With all of the glyphs in front of us we can cherry-pick the ones that look vaguely like characters:

Unlike the previous sizes, the extra row we get get in this 3x3 size makes it easier to represent characters with middle segments like H, K, X; as well as characters with middle gaps like O and C.

With these options, swapping one glyph at a time, it's possible to create something on the order of 1e28 different fonts, which is... a lot.

Of course, some combinations wouldn't work well because they'd reuse some glyphs for more than one character. And some combinations would work better than others, with the symbols playing off each other to make a cohesive style to improve the legibility and aesthetics of the font.

Here are some examples of different 3x3 fonts:

Here's a mockup image of an astronomy interface showing a 3x3 font (on a 64x64 screen):

## 3x4 - Lots of Options

Adding 3 more pixels makes the symbols 1 row taller and it expands the possible glyphs by a factor of 8 again. The space rises from 512 to 4,096 possible symbols.

With a bit of effort we can enumerate and visualize these possibilities again.

From that enumeration we can again cherry-pick glyphs to create a list of possible mappings:

## Note:

The 3x3 glyphs can also be used within a 3x4 space, but they are not included in this list.

This is enough glyph options to represent all the characters and allow for some distinct font styles.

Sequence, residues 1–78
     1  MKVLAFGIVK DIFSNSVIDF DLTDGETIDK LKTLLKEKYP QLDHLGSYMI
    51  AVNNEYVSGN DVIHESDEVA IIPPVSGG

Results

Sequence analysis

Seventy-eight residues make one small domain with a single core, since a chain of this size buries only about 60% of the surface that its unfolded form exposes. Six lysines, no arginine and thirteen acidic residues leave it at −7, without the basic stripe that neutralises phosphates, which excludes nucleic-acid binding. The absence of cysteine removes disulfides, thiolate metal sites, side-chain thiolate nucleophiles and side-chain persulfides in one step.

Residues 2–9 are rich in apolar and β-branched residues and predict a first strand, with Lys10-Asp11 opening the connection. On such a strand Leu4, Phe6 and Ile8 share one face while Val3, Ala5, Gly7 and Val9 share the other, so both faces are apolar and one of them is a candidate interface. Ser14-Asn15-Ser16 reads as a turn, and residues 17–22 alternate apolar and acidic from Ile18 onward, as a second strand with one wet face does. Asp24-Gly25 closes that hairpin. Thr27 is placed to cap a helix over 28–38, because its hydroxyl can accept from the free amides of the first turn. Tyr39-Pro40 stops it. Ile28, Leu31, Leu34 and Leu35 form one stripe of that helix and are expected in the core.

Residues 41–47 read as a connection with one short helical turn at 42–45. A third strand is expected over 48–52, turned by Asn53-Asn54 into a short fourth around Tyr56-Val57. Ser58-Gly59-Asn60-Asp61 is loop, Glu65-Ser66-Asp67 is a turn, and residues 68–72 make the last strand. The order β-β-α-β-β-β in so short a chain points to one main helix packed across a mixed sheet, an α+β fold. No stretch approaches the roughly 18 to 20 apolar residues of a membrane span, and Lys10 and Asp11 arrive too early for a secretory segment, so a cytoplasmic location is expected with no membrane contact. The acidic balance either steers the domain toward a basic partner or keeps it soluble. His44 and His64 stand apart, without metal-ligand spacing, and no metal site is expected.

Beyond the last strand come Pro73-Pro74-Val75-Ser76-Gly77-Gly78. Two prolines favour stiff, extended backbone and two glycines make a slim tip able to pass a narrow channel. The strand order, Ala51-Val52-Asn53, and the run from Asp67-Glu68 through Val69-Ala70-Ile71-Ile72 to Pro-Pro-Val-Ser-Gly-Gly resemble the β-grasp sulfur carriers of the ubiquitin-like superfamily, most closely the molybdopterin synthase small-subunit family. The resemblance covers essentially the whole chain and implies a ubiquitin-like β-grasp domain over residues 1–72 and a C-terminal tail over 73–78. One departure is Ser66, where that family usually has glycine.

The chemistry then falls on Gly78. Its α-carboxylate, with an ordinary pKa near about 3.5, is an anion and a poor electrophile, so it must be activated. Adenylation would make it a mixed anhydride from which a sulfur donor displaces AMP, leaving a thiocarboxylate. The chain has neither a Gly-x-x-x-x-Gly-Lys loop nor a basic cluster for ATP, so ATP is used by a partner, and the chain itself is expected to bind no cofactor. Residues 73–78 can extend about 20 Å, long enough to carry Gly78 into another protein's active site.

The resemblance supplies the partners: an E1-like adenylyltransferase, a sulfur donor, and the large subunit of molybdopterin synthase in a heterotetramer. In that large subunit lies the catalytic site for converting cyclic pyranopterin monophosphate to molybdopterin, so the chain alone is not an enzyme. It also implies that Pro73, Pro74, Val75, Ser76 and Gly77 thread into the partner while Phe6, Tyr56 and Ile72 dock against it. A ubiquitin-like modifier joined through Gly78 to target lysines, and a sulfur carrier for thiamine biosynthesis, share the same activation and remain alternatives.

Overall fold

### 3x4 Font Examples

This is a conceptual scene featuring a 3x4 font (on a 128x64 canvas):

## 3x5 - Quite Clear

At the 3x5 size, the number of potential symbols continue to rapidly increase. By adding 3 more pixels we increase the symbol space by 8x again, rising from 4,096 up to 32,768 possible symbols.

This is growing beyond the capacity to easily enumerate and review all of the symbols. Instead this list was made using an iterative, exploratory approach. I've tried to illustrate most of the possible mappings here.

It's a lot of options, and the list isn't exhaustive (there are so many more possible E's...) And this illustration still doesn't include the 3x4 and 3x3 possibilities, which are still valid within the 3x5 area. This allows for a huge number of fonts to be created, even at this tiny scale.

### 3x5 Demo Fonts

## Even larger

For anything larger it's challenging to even try to list out the possible glyphs for each character because there are so many options.

### 3x6 Fonts

At the 3x6 size some of the letters start to become taller than they need to be. It's possible to keep going (3x7, 3x8, ...) if the super-tall-and-narrow style is desired.

There are `2 ^ (3 * 6) = 262,144`

possible symbols to use at the 3x6 size.

### 4x4 Fonts

The cousin of the 3x4 fonts!

There are `2 ^ (4 * 4) = 65,536`

possible glyphs here.

### 5x5 Fonts

Expanding the maximum width of a character from 3 to 5 makes a huge change and allows the letters some space to breathe. Letters like M, W, G, and B are finally given enough space to remove ambiguity. And it's possible to now represent characters like #, &, and @.

For systems that can support variable-width fonts the 5x5 size can look particularly nice. But even monospace isn't too bad.

There are `2 ^ (5 * 5) = 33,554,432`

possible glyphs at this size.